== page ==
(Bloomberg) -- The European Central Bank is getting nearer to the point where it can stop raising borrowing costs, but it has some way to go yet as it seeks to bring inflation under control, according to Governing Council member Pablo Hernandez de Cos.

“We think that we still have some way to go in tightening monetary policy, although we also think that we are closer to the end,” de Cos, who is head of Spain’s central bank, said on Monday at an online event organized by the Incipe institute.

The ECB has raised interest rates steeply already and, while pondering the end of its unprecedented monetary-tightening campaign, still plans further hikes. After tightening by 375 basis points since July, additional quarter-point moves are likely at the next two meetings, with some policymakers suggesting more may be needed in September.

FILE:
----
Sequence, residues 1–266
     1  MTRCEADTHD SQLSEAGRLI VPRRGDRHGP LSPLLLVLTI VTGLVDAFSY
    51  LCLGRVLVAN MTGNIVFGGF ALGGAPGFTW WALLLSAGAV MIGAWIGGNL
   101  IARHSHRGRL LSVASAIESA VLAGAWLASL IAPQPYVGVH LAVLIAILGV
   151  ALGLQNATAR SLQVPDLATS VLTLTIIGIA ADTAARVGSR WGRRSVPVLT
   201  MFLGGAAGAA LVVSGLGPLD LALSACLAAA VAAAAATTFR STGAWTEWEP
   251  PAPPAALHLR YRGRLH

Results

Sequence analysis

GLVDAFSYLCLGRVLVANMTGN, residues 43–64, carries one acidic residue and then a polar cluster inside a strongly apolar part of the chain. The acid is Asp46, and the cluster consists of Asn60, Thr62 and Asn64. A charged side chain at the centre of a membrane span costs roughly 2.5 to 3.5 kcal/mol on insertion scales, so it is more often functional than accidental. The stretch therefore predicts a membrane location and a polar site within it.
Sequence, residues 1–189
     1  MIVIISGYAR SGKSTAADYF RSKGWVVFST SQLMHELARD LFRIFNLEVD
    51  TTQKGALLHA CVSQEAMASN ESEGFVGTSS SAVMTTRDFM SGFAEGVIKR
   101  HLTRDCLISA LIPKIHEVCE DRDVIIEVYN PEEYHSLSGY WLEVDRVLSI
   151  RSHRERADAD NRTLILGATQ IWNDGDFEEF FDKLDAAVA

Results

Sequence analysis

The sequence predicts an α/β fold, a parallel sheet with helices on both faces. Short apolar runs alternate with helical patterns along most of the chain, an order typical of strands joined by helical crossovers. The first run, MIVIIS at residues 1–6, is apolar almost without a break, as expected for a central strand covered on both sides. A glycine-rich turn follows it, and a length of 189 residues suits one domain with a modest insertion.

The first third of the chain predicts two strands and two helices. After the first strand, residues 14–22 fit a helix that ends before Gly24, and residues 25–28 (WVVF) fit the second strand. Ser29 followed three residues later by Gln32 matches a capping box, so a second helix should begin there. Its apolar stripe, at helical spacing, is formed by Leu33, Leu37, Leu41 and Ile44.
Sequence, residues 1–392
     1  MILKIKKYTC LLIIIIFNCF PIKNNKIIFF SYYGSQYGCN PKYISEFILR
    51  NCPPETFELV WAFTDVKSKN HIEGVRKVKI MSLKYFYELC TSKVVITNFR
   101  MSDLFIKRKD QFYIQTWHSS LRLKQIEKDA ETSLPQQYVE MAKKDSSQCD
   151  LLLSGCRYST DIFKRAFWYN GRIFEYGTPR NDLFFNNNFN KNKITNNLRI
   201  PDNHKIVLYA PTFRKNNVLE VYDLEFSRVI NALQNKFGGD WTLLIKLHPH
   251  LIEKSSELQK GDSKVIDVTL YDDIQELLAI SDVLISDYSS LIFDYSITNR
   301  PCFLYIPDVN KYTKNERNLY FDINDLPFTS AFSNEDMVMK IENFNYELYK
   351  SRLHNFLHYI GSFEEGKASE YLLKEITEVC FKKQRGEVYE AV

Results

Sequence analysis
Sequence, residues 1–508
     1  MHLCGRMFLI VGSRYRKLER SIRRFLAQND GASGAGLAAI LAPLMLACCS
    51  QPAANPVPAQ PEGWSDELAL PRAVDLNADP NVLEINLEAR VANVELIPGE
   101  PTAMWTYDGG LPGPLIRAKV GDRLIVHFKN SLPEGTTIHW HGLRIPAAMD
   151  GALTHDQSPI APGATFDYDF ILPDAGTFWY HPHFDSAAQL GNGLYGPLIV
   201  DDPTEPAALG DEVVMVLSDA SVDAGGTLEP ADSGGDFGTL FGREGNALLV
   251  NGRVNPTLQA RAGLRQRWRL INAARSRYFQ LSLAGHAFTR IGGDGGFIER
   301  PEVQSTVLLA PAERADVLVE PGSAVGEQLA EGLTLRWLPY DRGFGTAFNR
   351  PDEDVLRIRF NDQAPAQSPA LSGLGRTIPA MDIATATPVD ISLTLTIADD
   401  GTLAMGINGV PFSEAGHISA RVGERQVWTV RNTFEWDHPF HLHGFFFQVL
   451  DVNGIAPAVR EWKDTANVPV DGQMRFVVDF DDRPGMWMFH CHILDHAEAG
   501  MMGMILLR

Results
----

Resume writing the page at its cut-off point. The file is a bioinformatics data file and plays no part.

Euro-zone inflation data this week will probably show frustratingly slow progress toward the ECB’s 2% target. Consumer prices rose 6.3% in May from a year earlier, according to the median forecast in a Bloomberg survey. That’s down from 7% in April. Economists’ estimates for an underlying measure that strips out volatile elements such as energy point to a little-changed outcome of 5.5%.

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